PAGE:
Basics Of HDR Photography
Alrighty then, you must be new to HDR(High Dynamic Range) photography, since you are on our Beginners Basic HOW TO DO HDR Photography Starters page. You have come to the right place if you are interested in HDR photography. HDR photography opens up a whole new world of amazing photography, and if you read everything on our HDR Photography website and get involved with this website to help it grow, you will surely be able to capture and create awesome looking HDR images.
Basics Of HDR(High Dynamic Range) Photography!
HDR is short for High Dynamic Range, or sometimes you might see it as HDRI which is High Dynamic Range Images or Imaging. There is alot of technical and confusing jargon about what exactly High Dynamic Range means, but for this Beginners Basic How To Do HDR Photography Starters Guide, we will just say it means that you will get details and good exposure in all areas of a scene, the shadows, midtones, and highlights.
Digital cameras have a problem with high contrast scenes
HDR photography solves a big problem with digital cameras. Digital cameras can't accurately show all details in a high contrast scene like with the bright sun and dark shadows cast from the sun. With digital cameras and a high contrast scene, if you expose for the shadows then the sky will be blown out and overexposed, if you expose for the bright sky, then the shadows will be totally dark with no details. Some examples of a high contrast HDR scene are shown below.
Examples of a high contrast HDR scene
The photo above is an average exposure (+/-0) of the high contrast scene. Parts of the sky are too bright and washed out, and parts of the mid-tones and shadow areas are very black with no detail. That is the problem with taking just one photo of this high contrast scene, the image sensor just can't cover the whole dynamic range of this scene. For HDR photography this photo would work good for getting details in the mid-tones and maybe some shadows.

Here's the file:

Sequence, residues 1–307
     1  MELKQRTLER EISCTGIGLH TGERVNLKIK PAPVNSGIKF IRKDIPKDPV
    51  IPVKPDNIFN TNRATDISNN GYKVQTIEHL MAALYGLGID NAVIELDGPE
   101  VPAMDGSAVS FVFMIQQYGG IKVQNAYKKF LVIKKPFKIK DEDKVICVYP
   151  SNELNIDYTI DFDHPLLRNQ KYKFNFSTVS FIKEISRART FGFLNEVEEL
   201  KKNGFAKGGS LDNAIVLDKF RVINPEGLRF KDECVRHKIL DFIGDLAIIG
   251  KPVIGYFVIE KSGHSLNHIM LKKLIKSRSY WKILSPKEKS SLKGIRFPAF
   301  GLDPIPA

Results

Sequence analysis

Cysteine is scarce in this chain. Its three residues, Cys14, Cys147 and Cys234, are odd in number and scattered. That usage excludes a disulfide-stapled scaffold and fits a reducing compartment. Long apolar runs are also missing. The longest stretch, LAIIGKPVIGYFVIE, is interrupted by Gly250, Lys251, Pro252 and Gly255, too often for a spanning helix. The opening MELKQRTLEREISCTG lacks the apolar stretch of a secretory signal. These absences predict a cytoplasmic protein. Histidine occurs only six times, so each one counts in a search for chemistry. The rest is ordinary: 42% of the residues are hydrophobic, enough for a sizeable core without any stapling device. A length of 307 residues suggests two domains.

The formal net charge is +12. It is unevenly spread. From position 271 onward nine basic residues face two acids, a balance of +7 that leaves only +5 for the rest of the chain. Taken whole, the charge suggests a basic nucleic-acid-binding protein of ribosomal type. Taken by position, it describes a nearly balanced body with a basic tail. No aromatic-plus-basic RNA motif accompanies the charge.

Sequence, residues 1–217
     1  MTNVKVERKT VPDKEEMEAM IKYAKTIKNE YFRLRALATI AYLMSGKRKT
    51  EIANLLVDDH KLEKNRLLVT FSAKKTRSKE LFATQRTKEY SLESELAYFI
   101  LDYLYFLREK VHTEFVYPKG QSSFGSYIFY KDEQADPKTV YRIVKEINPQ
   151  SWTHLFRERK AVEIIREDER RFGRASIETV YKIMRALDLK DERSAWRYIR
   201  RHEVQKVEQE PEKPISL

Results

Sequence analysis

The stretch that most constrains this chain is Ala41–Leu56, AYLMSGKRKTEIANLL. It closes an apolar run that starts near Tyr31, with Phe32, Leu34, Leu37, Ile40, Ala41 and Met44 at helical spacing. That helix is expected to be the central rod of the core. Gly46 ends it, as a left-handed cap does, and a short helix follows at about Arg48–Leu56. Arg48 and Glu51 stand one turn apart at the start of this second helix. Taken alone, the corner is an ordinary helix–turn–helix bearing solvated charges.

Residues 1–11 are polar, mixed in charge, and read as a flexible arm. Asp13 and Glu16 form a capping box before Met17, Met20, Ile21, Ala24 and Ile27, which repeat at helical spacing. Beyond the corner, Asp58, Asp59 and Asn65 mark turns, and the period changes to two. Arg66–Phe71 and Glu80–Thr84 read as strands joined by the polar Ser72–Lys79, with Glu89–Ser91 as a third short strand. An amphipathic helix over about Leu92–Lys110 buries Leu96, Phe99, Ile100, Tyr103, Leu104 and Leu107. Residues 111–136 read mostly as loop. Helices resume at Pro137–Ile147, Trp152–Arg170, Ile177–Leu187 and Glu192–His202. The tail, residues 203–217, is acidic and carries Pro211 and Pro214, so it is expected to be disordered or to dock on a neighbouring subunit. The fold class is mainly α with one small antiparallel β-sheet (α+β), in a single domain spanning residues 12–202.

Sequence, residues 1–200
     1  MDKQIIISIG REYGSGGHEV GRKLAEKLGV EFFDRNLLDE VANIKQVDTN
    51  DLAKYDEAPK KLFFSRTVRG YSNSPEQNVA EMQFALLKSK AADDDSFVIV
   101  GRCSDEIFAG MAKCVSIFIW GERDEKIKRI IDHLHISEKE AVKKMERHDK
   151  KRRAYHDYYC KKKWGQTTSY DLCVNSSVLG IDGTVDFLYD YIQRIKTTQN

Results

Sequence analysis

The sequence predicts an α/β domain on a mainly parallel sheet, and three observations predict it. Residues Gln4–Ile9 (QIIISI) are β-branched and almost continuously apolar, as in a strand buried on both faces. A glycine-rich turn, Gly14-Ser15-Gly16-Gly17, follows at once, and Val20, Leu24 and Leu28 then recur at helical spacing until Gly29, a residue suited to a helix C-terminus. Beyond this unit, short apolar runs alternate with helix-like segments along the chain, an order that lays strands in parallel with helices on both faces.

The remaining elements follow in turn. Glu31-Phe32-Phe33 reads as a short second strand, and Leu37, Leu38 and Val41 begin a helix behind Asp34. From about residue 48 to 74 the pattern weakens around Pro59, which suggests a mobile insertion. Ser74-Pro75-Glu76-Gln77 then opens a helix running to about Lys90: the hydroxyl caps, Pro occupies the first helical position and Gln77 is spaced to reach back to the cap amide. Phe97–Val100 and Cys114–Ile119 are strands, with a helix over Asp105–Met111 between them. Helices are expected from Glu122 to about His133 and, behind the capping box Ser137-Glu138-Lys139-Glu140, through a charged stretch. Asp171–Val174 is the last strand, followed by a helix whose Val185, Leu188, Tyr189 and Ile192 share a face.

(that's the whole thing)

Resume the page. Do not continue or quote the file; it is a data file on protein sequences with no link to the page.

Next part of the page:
The photo above is an underexposed (-2) example of the high contrast scene. The sky is exposed well, with good cloud detail and colors, but the mid-tones and shadows are totally black with no detail. This photo by itself wouldn't work unless you were looking for a silhouette of the mountains, but in HDR photography, this photo is needed to get detail in the highlights, like the sky, when combined with the other exposures.
The photo above is an overexposed (+2) example of the high contrast scene. The sky is totally blown out and just white with no details, but the mid-tones and shadows have good detail. This photo by itself wouldn't really work, unless you like blown out sky areas, but again in HDR photography, this photo is needed to get detail in the mid-tones and shadow areas, like the trees, when combined with the other exposures.
The final image above is the HDR image created from the previous three bracketed images. About 95% of the scene has good detail, in the colorful sunset sky and in the tree shadows. The color saturation is usually increased also in HDR photography to make the HDR image more vibrant and alive.